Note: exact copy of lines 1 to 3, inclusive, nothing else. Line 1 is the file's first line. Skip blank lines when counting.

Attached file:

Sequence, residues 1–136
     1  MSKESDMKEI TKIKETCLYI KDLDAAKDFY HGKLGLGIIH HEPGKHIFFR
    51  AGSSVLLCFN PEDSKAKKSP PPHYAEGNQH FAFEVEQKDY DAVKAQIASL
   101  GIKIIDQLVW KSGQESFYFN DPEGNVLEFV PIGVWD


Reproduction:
Sequence, residues 1–136
     1  MSKESDMKEI TKIKETCLYI KDLDAAKDFY HGKLGLGIIH HEPGKHIFFR
    51  AGSSVLLCFN PEDSKAKKSP PPHYAEGNQH FAFEVEQKDY DAVKAQIASL